In this issue of VQ Newsletter we summarize some of the insights on legal market trends, new products, technical solutions and developments acquired from LegalTech New York, which we recently attended.
This conference is regarded as “the most important legal technology event of the year” and it was certainly an overwhelmingly large event, with inspirational speakers, exciting sessions and innumerable vendors in three gigantic exhibition areas.
Law firm management developments
The future of the legal industry was in focus at LegalTech and many sessions dealt with predictions on what the law firm of the future will look like. Most predictions touched on alternative fee arrangements, value adding, the need for lawyers to become skilled project managers and the need to use technology to achieve quality and competitive excellence. It was quite clear that technology and processes will be the key words for firms to differentiate value and expanding revenue and margin onwards.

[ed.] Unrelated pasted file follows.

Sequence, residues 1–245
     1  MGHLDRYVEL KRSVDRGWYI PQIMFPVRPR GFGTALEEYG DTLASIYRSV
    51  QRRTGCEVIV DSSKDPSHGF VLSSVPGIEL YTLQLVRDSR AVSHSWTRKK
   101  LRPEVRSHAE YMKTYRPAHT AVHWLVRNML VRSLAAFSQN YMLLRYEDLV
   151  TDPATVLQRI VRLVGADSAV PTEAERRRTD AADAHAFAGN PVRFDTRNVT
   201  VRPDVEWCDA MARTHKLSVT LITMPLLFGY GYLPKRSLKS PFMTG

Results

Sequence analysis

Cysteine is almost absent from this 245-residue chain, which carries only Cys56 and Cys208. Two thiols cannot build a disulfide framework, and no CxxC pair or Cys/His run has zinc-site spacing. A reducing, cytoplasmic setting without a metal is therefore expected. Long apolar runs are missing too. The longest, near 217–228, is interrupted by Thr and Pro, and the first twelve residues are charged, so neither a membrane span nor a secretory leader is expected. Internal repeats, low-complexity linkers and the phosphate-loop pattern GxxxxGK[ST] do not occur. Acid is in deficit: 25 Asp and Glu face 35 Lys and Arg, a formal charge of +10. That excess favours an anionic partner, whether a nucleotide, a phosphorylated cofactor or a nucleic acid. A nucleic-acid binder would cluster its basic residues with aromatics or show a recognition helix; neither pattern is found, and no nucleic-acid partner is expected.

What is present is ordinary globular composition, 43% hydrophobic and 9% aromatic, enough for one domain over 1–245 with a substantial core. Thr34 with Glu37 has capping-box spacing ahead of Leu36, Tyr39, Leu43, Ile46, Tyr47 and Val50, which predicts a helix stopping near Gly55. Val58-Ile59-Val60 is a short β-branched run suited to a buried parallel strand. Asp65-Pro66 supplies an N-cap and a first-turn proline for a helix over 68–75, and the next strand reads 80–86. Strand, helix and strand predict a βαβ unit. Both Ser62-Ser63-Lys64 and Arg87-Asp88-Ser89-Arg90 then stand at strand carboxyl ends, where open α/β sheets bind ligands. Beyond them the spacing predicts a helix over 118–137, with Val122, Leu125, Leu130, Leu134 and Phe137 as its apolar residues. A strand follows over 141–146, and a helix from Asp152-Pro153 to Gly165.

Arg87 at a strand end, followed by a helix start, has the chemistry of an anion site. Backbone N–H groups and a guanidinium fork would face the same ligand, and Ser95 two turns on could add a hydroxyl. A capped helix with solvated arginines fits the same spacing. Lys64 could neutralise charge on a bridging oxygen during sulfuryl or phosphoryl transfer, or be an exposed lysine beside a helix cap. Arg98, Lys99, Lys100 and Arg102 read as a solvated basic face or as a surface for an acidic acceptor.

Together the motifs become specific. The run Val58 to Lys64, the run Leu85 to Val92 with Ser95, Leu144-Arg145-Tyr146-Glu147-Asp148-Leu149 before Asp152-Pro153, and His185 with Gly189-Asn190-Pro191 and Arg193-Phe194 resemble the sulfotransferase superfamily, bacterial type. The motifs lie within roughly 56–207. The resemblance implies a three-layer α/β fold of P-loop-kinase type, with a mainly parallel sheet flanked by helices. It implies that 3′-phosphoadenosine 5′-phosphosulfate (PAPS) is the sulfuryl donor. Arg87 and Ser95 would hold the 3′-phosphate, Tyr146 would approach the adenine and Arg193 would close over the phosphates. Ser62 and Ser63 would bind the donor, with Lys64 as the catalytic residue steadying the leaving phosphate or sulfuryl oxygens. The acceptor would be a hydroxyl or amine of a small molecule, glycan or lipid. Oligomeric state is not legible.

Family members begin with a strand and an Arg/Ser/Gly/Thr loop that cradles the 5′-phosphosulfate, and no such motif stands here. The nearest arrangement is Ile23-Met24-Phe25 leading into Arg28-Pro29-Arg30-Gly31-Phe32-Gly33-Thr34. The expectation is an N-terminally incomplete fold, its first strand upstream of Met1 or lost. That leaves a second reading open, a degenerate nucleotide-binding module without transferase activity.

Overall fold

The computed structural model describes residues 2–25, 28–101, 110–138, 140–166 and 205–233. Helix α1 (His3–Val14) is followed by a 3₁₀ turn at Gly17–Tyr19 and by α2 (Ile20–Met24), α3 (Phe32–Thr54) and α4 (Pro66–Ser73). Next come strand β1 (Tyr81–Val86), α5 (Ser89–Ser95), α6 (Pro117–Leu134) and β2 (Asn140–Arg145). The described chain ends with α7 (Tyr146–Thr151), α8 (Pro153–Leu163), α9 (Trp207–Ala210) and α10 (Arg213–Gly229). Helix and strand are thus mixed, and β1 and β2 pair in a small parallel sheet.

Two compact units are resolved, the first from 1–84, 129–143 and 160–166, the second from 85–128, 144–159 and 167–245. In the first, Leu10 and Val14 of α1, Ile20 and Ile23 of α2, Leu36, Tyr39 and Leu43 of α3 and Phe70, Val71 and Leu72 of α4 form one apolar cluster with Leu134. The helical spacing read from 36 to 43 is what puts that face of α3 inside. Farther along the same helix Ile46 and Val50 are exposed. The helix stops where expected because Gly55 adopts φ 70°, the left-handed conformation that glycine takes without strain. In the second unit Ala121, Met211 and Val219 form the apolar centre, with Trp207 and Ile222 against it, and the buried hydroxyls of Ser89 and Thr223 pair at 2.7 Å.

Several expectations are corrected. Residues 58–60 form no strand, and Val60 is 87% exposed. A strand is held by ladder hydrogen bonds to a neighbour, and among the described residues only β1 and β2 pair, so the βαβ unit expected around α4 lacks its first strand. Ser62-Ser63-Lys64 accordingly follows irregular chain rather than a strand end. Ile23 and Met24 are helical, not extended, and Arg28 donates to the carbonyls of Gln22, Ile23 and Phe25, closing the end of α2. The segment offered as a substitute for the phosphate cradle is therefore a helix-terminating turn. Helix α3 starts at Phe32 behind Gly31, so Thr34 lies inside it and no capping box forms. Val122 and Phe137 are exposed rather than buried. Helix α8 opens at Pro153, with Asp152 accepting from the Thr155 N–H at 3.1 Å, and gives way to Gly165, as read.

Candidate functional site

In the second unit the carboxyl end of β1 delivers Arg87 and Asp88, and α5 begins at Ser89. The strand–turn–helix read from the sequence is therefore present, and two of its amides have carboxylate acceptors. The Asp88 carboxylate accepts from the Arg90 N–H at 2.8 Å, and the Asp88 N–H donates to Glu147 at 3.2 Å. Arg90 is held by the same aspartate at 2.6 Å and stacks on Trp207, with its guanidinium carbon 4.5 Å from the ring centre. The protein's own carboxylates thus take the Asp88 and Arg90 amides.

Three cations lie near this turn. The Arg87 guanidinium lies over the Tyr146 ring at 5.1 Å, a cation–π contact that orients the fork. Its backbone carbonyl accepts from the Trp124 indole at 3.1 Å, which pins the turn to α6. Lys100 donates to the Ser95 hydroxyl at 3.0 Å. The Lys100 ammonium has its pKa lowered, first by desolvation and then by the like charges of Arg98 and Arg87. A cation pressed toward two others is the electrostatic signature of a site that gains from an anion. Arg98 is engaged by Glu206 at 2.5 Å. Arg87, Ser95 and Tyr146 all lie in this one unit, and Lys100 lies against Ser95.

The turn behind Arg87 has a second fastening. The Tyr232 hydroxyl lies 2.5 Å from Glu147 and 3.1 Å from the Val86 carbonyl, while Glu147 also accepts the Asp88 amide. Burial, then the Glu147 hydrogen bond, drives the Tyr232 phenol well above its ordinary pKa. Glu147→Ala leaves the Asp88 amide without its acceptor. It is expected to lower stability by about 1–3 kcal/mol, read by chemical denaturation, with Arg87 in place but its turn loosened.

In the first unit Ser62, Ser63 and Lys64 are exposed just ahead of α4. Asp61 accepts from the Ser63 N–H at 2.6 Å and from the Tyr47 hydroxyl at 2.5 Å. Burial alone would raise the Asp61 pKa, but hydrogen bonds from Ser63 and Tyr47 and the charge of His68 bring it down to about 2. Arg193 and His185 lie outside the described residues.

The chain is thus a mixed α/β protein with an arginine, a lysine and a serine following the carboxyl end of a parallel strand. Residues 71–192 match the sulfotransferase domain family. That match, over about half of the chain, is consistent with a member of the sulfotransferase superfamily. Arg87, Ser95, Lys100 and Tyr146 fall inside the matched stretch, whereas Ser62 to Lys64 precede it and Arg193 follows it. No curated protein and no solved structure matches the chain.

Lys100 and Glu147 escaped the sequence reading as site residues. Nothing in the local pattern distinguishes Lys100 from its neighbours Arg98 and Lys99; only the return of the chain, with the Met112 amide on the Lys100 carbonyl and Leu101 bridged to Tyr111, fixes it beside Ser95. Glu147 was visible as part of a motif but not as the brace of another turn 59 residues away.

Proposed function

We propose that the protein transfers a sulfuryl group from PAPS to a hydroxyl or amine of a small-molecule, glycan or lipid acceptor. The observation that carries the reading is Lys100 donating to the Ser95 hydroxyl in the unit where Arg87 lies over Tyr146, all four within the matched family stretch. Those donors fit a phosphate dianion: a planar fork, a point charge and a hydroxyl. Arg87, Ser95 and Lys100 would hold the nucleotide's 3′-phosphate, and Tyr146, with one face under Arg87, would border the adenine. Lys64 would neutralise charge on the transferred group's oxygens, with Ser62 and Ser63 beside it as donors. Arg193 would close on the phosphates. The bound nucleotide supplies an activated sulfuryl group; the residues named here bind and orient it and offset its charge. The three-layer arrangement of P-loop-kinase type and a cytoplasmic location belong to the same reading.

One specifically inspiring speech was given by Michael Rogers, New York Times Futurist, who presented his visionary ideas of the changing technical landscape into an era of virtualization, which could have the same impact on the society as the urbanization once had. Some of the developments Michael Rogers mentioned was the “intelligent computer”, the new telepresence technology and the new generation of “Millennials” that have grown up with an intuitive capability to create and maintain virtual relationships. Considering all these trends, the development of virtual law firms has just begun and the marketing approach for law firms will need to be adapted to the on-line community referrals. Michael Rogers predicted that this virtualization era will radically change the legal industry and the role of the lawyers ten years from now.
New technical products and developments
Another large part of LegalTech was the launch and display of new technical products and solutions for the legal market. The main trend at the event was on e-Discovery, but there were many other interesting areas, such as cloud computing (which could be anything from web mail, hosting services, online practice management to Amazon cloud solution), dynamic document management, intelligent client relationship solutions and new legal iPad apps.